Corporate Insolvency Resolution Process under the Bankruptcy Code: Relevant Provisions Notified

following guest post is contributed by Shikha
, under the aegis of Vinod Kothari & Company. She can be
contacted at [email protected]]
The Ministry of Corporate Affairs, by way of Notification no. S.O. 3594(E) dated 30 November 2016, has notified 1 December 2016 as the
date for commencement and enforcement of certain core sections of the Insolvency
and Bankruptcy Code, 2016 (“the Code”), as listed below –
(i)   clause (a) to clause (d) of section 2 (except
with regard to voluntary liquidation or bankruptcy);
(ii)  section 4 to section 32 [both inclusive];
(iii) section 60 to section 77 [both inclusive];
(iv) section 198;
(v)  section 231;
(vi) section 236 to section 238 [both inclusive];
(vii) clause
(a) to clause (f) of sub-section (2) of section 239.
The provisions pertain to the corporate insolvency
resolution process envisaged under the Code.
It may be
that a few days ago the Central Government, by way of Notifications
S.O. 3568(E) and S.O. 3569(E), both dated November 25, 2016, notified 1st
December, 2016 as the date on which the SICA Repeal Act, 2003 shall come into
force. On and from this date, any reference or inquiry pending before the Board
of Industrial and Financial Reconstruction (“BIFR”) and any appeal pending
before the Appellate Authority for Industrial and Financial Reconstruction (“AAIFR”)
shall stand abated, and companies may make reference to the National Company
Law Tribunal (“NCLT”) under the Code within 180 days from the commencement of
the Code in accordance with the provisions of the Code.[1]
The present notification opens the gate for such companies too
to proceed for resolution under the Code.
Enforcement Status
of the Code Till Date
It may be noted that the proviso to section 1(2) of the Code
allows for a piecemeal enforcement of the Code. The Central Government, so far,
has issued give notifications. The present notification is fifth in the series,
with the earlier ones being –
(1)        Notification S.O. 2618 [E] dated 5 August 2016[2]
notifying 7 sections of the Code. Sections 188 to 194 (both inclusive) were
(2)        Notification S.O. 2746 [E] dated 19 August 2016[4] ,
notifying 17 sections of the Code under Chapter VII of Part IV and sections
under Part V of the Code.[5]
(3)        Notification SO 3355 [E] dated 1 November 2016[6]
providing for commencement of Sections under Chapter II, Chapter VII of Part IV
and sections under Part V.[7]
(4)        Notification S.O. 3453(E) dated 15
November 2016[8]
providing for commencement of Sections under Chapter III, Chapter IV, Chapter
VI of Part IV and sections under Part V.[9]


Provisions Notified
in the Present Notification
1.         Section
2(a) to 2(d)
(except with
regard to voluntary liquidation or bankruptcy) – Applicability of the Code
Section 2 deals with the applicability of the Code. It reads
as follows:
The provisions of this Code shall apply to—
any company incorporated under the Companies Act, 2013 or under any previous
company law;
any other company governed by any special Act for the time being in force,
except in so far as the said provisions are inconsistent with the provisions of
such special Act;
any Limited Liability Partnership incorporated under the Limited Liability
Partnership Act, 2008;
such other body incorporated under any law for the time being in force, as the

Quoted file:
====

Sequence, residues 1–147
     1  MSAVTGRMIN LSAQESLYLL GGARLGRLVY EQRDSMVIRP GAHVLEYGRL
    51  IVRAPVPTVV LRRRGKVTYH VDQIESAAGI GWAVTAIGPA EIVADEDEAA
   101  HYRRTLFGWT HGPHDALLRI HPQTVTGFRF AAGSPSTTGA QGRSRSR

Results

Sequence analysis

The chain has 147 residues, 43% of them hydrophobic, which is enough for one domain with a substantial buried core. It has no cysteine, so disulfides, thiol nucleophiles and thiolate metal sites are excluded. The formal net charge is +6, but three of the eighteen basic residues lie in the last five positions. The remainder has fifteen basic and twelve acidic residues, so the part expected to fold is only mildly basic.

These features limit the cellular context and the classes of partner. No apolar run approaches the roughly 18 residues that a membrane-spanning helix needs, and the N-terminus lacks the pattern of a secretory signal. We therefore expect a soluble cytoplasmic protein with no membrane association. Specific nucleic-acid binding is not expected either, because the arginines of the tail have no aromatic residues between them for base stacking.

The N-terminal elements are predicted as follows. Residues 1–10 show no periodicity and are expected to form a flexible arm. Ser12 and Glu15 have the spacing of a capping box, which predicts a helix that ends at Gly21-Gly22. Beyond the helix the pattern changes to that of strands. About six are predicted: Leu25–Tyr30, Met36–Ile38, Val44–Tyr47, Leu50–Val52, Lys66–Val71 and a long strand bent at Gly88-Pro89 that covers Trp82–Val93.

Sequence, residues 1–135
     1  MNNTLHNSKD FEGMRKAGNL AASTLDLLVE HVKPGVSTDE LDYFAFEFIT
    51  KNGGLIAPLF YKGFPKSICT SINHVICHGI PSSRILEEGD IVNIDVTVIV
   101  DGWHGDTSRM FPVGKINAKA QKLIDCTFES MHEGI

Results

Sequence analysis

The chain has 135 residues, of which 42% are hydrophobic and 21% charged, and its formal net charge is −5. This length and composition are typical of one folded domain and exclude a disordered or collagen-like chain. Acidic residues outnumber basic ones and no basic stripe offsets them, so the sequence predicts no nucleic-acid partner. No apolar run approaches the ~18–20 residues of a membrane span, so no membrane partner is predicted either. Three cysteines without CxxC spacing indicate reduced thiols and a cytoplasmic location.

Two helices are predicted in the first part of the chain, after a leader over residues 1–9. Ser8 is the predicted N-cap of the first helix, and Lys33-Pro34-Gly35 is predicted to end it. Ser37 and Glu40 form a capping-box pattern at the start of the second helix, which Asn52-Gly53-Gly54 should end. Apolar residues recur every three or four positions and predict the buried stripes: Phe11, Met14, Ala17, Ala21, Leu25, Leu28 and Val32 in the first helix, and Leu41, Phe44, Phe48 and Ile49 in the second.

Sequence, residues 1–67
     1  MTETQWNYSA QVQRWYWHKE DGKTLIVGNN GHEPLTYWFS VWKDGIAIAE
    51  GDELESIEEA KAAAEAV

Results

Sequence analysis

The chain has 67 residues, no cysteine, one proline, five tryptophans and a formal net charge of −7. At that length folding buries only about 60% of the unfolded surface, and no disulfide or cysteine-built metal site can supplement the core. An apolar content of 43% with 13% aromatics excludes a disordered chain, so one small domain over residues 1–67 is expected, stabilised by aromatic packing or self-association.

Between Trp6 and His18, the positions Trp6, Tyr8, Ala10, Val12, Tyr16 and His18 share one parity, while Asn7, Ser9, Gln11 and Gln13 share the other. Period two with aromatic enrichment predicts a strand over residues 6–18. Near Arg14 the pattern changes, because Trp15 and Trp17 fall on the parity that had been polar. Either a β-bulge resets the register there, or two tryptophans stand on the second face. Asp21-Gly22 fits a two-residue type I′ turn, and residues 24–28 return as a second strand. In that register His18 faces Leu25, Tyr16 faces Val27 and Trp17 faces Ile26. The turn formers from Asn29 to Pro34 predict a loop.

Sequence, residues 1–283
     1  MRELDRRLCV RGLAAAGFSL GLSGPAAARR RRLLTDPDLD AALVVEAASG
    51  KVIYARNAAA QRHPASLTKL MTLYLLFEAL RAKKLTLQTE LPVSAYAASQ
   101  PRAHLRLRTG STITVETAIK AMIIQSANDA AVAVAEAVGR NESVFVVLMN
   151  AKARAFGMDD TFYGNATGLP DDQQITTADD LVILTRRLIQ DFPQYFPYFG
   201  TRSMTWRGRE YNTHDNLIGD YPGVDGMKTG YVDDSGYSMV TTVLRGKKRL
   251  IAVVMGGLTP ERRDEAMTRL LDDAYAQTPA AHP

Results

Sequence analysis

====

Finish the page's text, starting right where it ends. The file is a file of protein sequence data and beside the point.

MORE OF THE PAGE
Central Government may, by notification, specify in this behalf; and
partnership firms and individuals,
relation to their insolvency, liquidation, voluntary liquidation or bankruptcy,
as the case may be.”
Note that only clauses (a) to (d) of section 2 have been
notified. The provisions relating to insolvency resolution and bankruptcy of
individuals and partnership firms have not been notified. Further, provisions
relating to liquidation and voluntary liquidation of the persons covered under
clauses (a) to (d) are due for enforcement. In essence, the notification seeks
to enforce provisions relating only to insolvency resolution process of
corporate persons.
2.         Section 4 to section 32 [both
inclusive] – Corporate Insolvency Resolution Process
Sections 4 to 32
(both inclusive) are comprised in Chapters I and II of Part II of the Code.
Chapter I of Part II (sections 4 & 5) contains preliminary provisions while
Chapter II of Part II (sections 6 to 32) provides for corporate insolvency
resolution process. Such sections do not cover fast track corporate insolvency
resolution process.
Section 4 limits the
applicability of the Code to cases where the amount of default is a minimum of
Rs. 1 lakh. The Central Government may, by way of notification, raise such
minimum limit up to a maximum of Rs. 1 crore. Section 5 contains definitions of
the words and expressions used in Part II of the Code (i.e. in context of the
corporate insolvency resolution process).
The corporate
insolvency resolution process as contained in sections 6 to 32 has been briefly
stated as follows:
– There must be a debt, in respect of
which the corporate debtor must have committed a default. The amount of default
should be Rs. 1 lakh or more.
– A financial creditor (solely or
jointly), an operational creditor, or a corporate applicant may file an
application for initiation of corporate insolvency resolution process in
respect of the corporate debtor to the adjudicating authority. In case of
operational creditor, a pre-requirement is delivery of demand notice.
– The adjudicating authority admits or
rejects the application.
– On admission of the application, the
corporate insolvency resolution process commences.
– Moratorium commences, interim
resolution professional is appointed, and public announcement is made.
– Committee of creditors is constituted
by the interim resolution professional
– Resolution professional is appointed
by the committee of creditors in its first meeting.
– Resolution professional prepares